Treating the Doctor: Adding Future-Proof Tools to His/Her Medical Bag

TIM VAN DE GRIFT (YOUNG PROFESSIONAL), RENSKE KROEZE (YOUNG PROFESSIONAL)

SUSTAINABLE DEVELOPMENT GOAL 3:
Verzeker een goede gezondheid en promoot welvaart voor alle leeftijden
https://unric.org/nl/sdg-3

Several emerging global trends pose significant challenges to our current healthcare system. In the developed world an aging population leads to an increased number of chronic diseases and so health issues are becoming more and more multifactorial. Moreover, the demands of a modern lifestyle mean increased stress and are a burden on mental health; health issues, both mental and physical, are becoming increasingly intertwined (see also the work of Machteld Huber on a modern definition of health[1]). Globally, trends, such as urbanization, put people at risk for infectious disease outbreaks. Add to the mix the increasing scale and costs of many healthcare systems, and it is becoming a significant challenge to keep on ensuring healthy lives and promoting well-being of all ages[2].

A new kind of adaptive healthcare professional could be a significant lever in ensuring health and well-being in all sorts of populations and environments. In order for them to be able to accommodate these challenges, the toolkit of professionals needs to be broadened from being able to only cure isolated, well defined diseases, as well as enhance the ability to see the multidimensional and dynamic picture of individual human beings and adapt care practices accordingly.

Healthcare professionals need to study specialist knowledge, as well as develop empathy, creative thinking, and ‘maker skills’ to adapt and positively shape the way care is provided. Empathy enables healthcare professionals to place themselves in their patients’ shoes and identify the core of a patient’s ill-being, motivations, and environmental constraints. Healthcare professionals should become more familiar with creative thinking and need skills in active learning to transform these ideas into practical solutions in order to translate these insights into more effective ways of care delivery. As such, meeting the sustainable development goals on health and well-being does not necessarily (only) mean a systems redesign, but it could also mean designing daily practices and tools that can make a difference in the quality of care.

The best time to start developing these skills is during the medical education and clinical training of all medical professions, which range from nursing to psychology. We experimented with teaching empathy, creative thinking, and active learning, to medical and psychological residents and students by linking them with artists. The aim was for the students to learn from the artists’ radically different perspective to better understand and promote health and well-being. In one project, in collaboration with the University of Amsterdam and the Gerrit Rietveld Academie of Arts, future healthcare professionals and policy makers collaborated with art students in solving real issues of Dutch healthcare organizations, together going through the process of empathy and creativity to produce better methods of care[3]. In another initiative, psychiatry residents learned how to see their patients through the eyes of an artist, thereby gaining different perspectives on their patients’ capabilities and worries, while sharpening their view on mental healthcare practices[4]. Both projects were reviewed positively and led to increased ownership and collaboration around improving healthcare practices by the future professionals. The twelve new care concepts developed by these teams are the beginning of a new generation of Dutch doctors, psychologists and policy makers that look at healthcare and patients differently, and have the tools to design and experiment with better ways of delivering healthcare.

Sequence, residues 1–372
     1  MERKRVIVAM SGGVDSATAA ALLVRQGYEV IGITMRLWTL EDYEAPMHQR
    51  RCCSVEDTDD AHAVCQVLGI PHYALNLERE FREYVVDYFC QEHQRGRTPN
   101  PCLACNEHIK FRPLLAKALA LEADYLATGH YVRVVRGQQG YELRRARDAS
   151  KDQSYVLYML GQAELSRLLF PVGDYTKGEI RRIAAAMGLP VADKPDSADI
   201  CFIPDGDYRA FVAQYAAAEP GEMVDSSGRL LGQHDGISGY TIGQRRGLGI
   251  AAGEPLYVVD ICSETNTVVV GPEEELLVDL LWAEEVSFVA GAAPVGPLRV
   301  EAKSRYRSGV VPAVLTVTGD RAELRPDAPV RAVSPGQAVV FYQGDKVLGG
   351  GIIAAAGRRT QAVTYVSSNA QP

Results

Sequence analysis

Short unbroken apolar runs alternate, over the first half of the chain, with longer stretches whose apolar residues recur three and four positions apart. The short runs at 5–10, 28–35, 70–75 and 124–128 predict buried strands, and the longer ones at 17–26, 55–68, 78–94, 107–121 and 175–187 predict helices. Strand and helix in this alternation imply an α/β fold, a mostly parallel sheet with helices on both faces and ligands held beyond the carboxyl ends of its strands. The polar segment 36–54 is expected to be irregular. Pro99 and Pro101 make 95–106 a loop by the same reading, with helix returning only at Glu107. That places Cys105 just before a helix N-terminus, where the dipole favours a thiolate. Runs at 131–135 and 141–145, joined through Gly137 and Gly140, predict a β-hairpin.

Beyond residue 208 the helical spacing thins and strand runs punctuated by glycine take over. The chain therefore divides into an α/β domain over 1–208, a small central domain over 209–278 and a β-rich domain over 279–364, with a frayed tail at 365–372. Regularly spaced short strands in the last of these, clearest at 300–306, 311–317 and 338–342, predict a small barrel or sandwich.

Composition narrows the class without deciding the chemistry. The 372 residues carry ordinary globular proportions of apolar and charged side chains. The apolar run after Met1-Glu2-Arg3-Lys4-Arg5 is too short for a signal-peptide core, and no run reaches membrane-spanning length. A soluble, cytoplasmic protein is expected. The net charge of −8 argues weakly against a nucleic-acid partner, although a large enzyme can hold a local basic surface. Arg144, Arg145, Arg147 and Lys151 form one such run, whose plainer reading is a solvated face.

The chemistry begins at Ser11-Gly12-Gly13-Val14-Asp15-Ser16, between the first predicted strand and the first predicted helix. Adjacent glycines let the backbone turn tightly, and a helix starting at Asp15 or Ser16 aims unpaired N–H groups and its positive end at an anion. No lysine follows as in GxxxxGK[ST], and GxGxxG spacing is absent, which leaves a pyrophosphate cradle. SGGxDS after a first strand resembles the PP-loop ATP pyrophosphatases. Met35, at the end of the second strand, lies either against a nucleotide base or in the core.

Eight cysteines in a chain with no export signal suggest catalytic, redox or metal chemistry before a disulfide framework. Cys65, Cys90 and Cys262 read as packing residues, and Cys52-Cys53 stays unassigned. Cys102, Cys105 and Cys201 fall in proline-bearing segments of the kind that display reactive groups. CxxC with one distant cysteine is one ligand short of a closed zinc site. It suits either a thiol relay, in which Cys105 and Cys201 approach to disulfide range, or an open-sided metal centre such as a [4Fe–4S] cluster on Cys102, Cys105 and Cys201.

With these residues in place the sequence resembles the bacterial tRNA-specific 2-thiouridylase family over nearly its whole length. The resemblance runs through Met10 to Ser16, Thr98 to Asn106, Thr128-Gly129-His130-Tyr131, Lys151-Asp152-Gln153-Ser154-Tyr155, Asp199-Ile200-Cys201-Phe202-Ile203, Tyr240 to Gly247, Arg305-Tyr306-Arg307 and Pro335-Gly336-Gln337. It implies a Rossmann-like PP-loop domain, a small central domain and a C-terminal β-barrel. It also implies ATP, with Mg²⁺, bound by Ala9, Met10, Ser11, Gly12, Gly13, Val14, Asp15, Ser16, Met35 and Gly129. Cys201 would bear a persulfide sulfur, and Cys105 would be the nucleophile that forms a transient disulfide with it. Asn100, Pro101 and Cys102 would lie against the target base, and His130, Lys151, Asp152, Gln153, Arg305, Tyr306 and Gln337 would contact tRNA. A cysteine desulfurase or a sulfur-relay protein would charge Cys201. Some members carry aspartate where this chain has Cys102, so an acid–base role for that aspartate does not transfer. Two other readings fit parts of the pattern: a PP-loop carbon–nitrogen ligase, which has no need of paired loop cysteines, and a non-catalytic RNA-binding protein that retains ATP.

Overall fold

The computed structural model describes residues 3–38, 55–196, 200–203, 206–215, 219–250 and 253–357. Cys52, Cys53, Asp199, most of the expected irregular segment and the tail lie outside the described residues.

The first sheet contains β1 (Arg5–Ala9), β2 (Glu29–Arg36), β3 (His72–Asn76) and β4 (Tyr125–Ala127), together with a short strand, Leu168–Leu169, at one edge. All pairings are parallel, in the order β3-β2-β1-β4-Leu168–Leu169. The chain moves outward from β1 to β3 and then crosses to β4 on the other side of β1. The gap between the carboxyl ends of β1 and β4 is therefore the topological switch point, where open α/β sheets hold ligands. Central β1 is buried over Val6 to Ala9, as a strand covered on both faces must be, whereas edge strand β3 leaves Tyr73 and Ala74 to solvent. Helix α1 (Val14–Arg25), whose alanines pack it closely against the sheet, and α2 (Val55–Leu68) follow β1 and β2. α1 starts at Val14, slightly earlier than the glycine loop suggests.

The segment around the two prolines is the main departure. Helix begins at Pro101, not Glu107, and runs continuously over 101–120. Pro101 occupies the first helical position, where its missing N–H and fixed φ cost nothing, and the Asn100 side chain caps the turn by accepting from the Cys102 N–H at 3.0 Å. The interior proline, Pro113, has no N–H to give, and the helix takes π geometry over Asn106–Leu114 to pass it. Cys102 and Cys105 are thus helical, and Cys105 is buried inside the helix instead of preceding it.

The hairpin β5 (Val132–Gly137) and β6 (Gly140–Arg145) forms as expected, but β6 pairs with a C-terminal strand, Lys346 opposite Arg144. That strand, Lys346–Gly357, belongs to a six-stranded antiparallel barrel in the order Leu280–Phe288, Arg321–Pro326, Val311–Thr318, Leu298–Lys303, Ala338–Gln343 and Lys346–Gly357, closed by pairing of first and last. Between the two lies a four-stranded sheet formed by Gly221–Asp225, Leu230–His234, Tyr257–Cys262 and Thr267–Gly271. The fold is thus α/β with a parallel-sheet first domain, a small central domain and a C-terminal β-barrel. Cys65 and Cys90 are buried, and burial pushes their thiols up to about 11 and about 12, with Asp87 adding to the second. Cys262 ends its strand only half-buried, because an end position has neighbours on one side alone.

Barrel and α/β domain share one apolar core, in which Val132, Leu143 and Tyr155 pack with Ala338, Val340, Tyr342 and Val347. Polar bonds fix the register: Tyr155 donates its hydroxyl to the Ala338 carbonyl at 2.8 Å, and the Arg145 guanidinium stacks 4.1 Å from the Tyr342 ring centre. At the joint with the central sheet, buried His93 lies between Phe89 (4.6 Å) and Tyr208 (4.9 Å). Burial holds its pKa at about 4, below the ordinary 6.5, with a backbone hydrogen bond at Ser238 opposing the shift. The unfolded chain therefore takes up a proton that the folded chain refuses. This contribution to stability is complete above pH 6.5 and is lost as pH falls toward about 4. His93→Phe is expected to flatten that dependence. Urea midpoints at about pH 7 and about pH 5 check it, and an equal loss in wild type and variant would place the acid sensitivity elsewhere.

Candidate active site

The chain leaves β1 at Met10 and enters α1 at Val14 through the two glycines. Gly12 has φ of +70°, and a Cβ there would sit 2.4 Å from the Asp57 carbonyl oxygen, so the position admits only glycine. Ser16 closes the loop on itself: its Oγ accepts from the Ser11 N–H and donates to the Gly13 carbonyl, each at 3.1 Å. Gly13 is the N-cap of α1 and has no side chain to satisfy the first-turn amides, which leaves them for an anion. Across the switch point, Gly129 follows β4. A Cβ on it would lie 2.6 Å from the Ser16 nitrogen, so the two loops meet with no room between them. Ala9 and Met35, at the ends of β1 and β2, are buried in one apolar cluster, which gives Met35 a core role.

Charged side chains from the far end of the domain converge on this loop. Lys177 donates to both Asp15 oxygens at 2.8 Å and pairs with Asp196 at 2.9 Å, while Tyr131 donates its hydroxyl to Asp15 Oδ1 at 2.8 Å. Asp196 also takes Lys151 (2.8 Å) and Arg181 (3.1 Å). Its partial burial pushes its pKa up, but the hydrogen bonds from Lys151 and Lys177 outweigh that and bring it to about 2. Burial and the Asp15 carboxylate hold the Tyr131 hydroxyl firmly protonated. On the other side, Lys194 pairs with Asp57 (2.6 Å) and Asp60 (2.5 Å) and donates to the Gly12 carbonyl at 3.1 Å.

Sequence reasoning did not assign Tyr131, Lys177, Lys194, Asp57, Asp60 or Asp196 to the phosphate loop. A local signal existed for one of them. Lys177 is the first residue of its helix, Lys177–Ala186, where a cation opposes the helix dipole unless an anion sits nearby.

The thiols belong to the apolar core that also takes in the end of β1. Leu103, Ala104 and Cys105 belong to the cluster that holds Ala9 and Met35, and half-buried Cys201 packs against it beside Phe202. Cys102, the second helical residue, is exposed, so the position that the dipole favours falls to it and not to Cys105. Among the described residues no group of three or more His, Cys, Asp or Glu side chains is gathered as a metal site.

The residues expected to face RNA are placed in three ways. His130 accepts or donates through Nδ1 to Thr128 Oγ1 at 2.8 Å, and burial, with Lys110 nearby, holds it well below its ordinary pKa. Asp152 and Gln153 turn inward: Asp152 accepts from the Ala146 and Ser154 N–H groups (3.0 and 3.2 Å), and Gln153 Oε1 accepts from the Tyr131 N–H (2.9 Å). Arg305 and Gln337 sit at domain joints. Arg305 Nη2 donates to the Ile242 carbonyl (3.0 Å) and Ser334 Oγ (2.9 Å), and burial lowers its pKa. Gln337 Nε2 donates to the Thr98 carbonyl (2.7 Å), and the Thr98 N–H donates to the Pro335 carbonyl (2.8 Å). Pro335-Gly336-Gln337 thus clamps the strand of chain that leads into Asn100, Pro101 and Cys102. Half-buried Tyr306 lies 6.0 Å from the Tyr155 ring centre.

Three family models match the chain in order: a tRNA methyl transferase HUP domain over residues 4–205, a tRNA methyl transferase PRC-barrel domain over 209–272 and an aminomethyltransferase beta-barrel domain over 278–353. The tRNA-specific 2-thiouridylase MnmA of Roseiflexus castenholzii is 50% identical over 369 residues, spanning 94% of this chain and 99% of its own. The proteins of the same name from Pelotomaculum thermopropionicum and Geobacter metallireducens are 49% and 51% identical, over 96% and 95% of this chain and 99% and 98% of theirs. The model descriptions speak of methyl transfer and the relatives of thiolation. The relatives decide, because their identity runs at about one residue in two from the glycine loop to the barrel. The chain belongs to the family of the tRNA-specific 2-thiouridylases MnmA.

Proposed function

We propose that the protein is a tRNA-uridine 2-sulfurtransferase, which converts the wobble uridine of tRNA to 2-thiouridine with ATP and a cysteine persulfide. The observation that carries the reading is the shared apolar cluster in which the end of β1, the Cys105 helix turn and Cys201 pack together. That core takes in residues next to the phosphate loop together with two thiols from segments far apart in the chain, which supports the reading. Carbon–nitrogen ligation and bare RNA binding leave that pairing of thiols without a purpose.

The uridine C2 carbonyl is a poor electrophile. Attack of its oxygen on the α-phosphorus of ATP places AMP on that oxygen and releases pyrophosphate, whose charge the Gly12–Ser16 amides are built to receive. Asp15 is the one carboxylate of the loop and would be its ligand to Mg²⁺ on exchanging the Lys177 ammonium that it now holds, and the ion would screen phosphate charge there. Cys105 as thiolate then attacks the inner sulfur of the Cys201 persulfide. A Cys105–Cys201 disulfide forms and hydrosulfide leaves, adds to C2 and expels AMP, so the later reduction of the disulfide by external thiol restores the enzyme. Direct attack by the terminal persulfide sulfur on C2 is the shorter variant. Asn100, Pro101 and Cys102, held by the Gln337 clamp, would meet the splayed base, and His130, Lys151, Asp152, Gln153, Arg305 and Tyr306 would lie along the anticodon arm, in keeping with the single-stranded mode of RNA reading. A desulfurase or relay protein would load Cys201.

Tim van de Grift

Tim van de Grift

Works as a medical doctor and PhD candidate at the VU medical center and develops crossover concepts in healthcare (education).

Renske Kroeze

Renske Kroeze

Trained as a psychologist and political scientist and now works as a strategy consultant after developing projects aimed at innovating the Dutch healthcare system.

Referencies

1 Huber, M., Knottnerus, J. A., Green, L., van der Horst, H., Jadad, A. R., Kromhout, D., … & Schnabel, P. (2011). How should we define health?. BMJ, 343.

2 Van Rooijen, M., Goedvolk, R., & Houwert, T. (2013). A vision for the Dutch health care system in 2040: towards a sustainable, high-quality health care system. In World Economic Forum, McKinsey & Company.

3 van de Grift, T. C., & Kroeze, R. (2016). Design Thinking as a Tool for Interdisciplinary Education in Health Care. Academic medicine: journal of the Association of American Medical Colleges.

4 http://theartofimpact.nl/projecten/het-vijfde-seizoen/ (in Dutch)